# Recent developments in the information loss paradox

Éanna Flanagan, Cornell
eef3-at-cornell.edu
In 1976 Stephen Hawking noted that the formation and evaporation of black holes as described in the semiclassical approximation appear to transform pure states into mixed states, in conflict with unitarity (Hawking 1976). This apparent paradox engendered a lively debate during the subsequent decades, with no generally accepted resolution. A poll taking during a 1993 conference showed 32% of the participants for information loss, with the remainder in favor of unitarity or other resolutions of the paradox (Page 1994). If such a poll were repeated today, however, the result would probably be markedly different -- evidence in favor of the preservation of information has emerged from string theory, and more recently from Euclidean quantum gravity (Hawking 2004,2005) and loop quantum gravity (Ashtekar & Bojowald 2005a,b). There is thus an emerging consensus that black hole evaporation is unitary. However, the flaws in the original semiclassical arguments have not yet been clearly resolved; this aspect of the subject remains a puzzle.

The standard semiclassical argument for information loss is as follows (see, eg, Preskill 1992, Strominger 1994). Consider a solution of the semiclassical Einstein equations that describes the formation and evaporation of a black hole with initial mass in Planck units. It is argued that the domain of validity of such a solution consists of all points in whose causal pasts the local curvature is everywhere sub-Planckian; this belief is supported by detailed calculations in two-dimensional models (Bose, Parker & Peleg 1996, Strominger 1994). One can in principle excise from the spacetime all points outside this domain of validity. The resulting spacetime is generally believed to have the following features (based again in part on explicit calculations in two-dimensional models; see eg. Strominger 1994): (i) It contains an apparent horizon whose area shrinks down to the Planck scale due to Hawking emission. (ii) It can be foliated by spacelike slices whose extrinsic curvatures are everywhere sub-Planckian such that one of the slices, , contains most of the outgoing Hawking radiation (mass ), yet intersects the infalling matter inside the black hole in a region of low curvature (Lowe et. al. 1995).

Next, one assumes that the black hole evaporates completely, and that after the evaporation spacetime can again be described using the semiclassical approximation. The initial conditions for this final semiclassical spacetime region are determined in part by quantum gravity. One assumes that this region can be foliated by spacelike slices, the first of which, , can be chosen to coincide with outside of some closed two-surface . Thus, and , where is the region outside , is the portion of inside , which intersects the infalling matter inside the black hole, and is the portion of inside , which contains the end-products of the last stages of evaporation. The construction can be specialized so that the mass contained within is of order the Planck mass (since the semiclassical description of the evaporation is accurate down to the Planck scale), and so that the radius of is of order the time taken for the black hole to decay completely after it reaches the Planck scale (the remnant lifetime''). If the quantum state on were pure, then the entanglement entropies and of the density matrices on and would agree. If the Hawking radiation is approximated to be in a thermal state, its entropy is of order (Page 1976). One might worry that this approximation is not reliable and that subtle correlations between Hawking quanta could make the state on very nearly pure, giving . However since the state on is pure, , so a nearly pure state on would require a nearly pure state on . This would contradict the linearity of quantum mechanical evolution from initial states of the collapsing matter to states on (Preskill 1992). Therefore the estimate seems unavoidable. Finally, if the lifetime is assumed to be of order the Planck time, the region is too small and contains too little energy to allow significant correlations, . [Preskill (1992) shows that would require a lifetime of order .] Therefore and the state on cannot be pure.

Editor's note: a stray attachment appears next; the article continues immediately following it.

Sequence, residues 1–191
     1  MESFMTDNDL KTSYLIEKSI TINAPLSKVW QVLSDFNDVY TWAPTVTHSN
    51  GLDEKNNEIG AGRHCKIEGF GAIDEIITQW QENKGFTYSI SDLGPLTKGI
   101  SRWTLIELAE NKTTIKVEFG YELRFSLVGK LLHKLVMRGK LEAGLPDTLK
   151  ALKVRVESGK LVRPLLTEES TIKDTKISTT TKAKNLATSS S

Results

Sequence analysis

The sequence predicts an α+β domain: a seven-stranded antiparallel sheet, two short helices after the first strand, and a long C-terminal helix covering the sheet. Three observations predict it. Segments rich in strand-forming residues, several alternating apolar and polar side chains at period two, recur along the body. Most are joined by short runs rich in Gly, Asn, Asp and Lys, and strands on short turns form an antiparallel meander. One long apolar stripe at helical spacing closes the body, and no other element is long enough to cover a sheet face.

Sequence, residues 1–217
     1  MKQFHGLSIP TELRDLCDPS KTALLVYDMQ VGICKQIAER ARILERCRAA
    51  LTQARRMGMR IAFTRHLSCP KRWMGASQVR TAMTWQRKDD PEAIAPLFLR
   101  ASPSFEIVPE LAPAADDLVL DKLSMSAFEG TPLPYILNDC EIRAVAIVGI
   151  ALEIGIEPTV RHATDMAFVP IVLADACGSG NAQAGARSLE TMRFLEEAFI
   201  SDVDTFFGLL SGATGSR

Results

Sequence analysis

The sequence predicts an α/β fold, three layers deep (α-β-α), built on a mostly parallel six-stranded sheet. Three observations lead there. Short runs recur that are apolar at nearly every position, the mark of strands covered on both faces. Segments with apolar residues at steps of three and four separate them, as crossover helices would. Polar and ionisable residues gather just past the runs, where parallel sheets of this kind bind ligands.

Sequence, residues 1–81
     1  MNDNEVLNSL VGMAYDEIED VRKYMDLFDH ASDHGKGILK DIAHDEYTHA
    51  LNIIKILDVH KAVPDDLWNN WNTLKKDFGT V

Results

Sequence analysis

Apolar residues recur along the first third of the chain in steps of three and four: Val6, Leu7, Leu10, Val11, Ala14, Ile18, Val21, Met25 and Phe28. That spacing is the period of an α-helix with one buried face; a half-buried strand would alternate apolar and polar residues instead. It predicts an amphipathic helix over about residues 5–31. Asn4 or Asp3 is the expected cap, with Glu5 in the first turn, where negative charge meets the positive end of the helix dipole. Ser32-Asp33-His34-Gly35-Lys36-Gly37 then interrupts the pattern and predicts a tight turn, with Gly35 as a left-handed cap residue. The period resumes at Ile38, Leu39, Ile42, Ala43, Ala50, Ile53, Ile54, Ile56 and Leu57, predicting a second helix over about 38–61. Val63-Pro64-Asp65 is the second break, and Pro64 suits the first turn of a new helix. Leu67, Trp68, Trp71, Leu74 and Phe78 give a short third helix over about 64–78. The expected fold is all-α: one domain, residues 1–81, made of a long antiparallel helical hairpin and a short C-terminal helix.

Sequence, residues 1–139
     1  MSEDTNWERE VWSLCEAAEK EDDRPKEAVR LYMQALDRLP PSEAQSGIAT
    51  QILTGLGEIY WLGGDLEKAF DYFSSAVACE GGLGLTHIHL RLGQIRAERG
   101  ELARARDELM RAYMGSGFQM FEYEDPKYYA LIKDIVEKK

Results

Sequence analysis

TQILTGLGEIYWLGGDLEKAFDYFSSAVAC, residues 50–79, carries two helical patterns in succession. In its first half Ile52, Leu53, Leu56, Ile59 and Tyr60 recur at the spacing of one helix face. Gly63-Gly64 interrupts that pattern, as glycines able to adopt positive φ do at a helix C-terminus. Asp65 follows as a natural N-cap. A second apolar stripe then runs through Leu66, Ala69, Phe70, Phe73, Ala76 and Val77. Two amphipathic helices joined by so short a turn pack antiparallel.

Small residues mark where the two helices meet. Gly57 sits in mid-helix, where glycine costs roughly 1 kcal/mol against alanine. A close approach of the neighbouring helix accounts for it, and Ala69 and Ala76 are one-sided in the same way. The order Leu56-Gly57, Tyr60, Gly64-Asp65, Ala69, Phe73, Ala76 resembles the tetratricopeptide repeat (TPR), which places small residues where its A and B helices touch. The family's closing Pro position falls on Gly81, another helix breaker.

This semiclassical argument indicates that the information defined by decreases, where is the Hilbert space. However, as pointed out by Page (1994), it does not necessarily imply that information is lost in the colloquial sense that knowledge of the final (mixed) state on is insufficient to compute the initial (pure) state: pure-to-mixed evolutions can be described by invertible superscattering matrices. Nevertheless, if one accepts that decreases, then information loss in the stronger, colloquial sense seems inevitable, since the state on as computed in the semiclassical approximation depends only very weakly on the initial quantum state of the infalling matter.

Many different resolutions to the information loss paradox have been proposed; see eg. Thorlacius (2004) or Page (1994) for detailed reviews. Some novel recent suggestions are those of Horowitz & Maldacena (2004) and Gambini et. al. (2004). In the remainder of this article I will focus on evidence from various approaches to quantum gravity that black hole evaporation is unitary.

The evidence from string theory is well-known; see the articles by Gary Horowitz in issues 12 and 18 of Matters of Gravity. Briefly, the AdS/CFT duality of string theory implies that the formation and evaporation of small black holes in anti-deSitter space can described completely (albeit indirectly) by a manifestly unitary conformal field theory. String theory also provides an explanation for the failure of the semiclassical argument summarized above. Namely, the low energy effective theory describing evolution in the foliation used in the semiclassical argument is non-local even in low-curvature regimes: it contains states of strings stretched over macroscopic distances (Lowe et. al. 1995, Lowe & Thorlacius 1999). This non-locality allows external observers to measure the information coming out in the Hawking radiation, while infalling observers see nothing unusual happening while the infalling matter crosses the horizon. The idea of such low-energy non-locality is anathema to many relativists (see, eg. Jacobson et. al. 2005), but is supported by computations of commutators of spacelike separated operators in string theory (Lowe et. al. 1995). Thus, the key assumption that semiclassical general relativity is a good approximation at sub-Planckian curvatures is invalid in string theory.